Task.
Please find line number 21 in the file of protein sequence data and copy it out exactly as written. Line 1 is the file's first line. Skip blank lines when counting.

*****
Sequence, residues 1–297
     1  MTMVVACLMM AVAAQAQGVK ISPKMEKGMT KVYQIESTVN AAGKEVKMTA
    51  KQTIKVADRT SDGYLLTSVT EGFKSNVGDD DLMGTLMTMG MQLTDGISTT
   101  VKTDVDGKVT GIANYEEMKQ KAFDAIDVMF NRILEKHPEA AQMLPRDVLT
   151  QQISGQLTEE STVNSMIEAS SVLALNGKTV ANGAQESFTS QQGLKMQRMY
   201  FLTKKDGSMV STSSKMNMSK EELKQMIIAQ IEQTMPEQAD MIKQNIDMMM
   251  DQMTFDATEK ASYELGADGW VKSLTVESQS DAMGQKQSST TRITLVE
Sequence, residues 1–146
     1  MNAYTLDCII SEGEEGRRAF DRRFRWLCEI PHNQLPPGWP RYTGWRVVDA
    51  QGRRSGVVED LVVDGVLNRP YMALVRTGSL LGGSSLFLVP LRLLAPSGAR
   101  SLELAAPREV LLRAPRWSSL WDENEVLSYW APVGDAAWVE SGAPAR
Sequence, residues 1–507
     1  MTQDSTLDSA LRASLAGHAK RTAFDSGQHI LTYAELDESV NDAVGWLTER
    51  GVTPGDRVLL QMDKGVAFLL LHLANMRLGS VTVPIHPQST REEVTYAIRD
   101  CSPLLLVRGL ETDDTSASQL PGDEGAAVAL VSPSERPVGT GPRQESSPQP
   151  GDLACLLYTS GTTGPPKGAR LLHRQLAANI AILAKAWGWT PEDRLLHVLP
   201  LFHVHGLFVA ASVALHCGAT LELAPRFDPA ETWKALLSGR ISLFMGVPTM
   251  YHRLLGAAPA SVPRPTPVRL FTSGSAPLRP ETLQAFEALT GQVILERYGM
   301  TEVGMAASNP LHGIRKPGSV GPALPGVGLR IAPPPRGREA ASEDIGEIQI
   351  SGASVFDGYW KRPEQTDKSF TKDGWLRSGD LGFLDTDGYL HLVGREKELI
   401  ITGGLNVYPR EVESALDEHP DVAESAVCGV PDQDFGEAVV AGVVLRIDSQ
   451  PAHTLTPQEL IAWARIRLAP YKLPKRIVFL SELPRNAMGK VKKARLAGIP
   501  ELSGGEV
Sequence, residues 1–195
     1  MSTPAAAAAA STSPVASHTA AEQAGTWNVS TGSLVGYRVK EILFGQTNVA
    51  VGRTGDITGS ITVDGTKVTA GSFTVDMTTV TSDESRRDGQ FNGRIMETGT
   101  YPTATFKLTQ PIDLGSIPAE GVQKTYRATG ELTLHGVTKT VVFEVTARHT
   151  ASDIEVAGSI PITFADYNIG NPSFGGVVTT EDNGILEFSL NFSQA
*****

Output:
   401  ITGGLNVYPR EVESALDEHP DVAESAVCGV PDQDFGEAVV AGVVLRIDSQ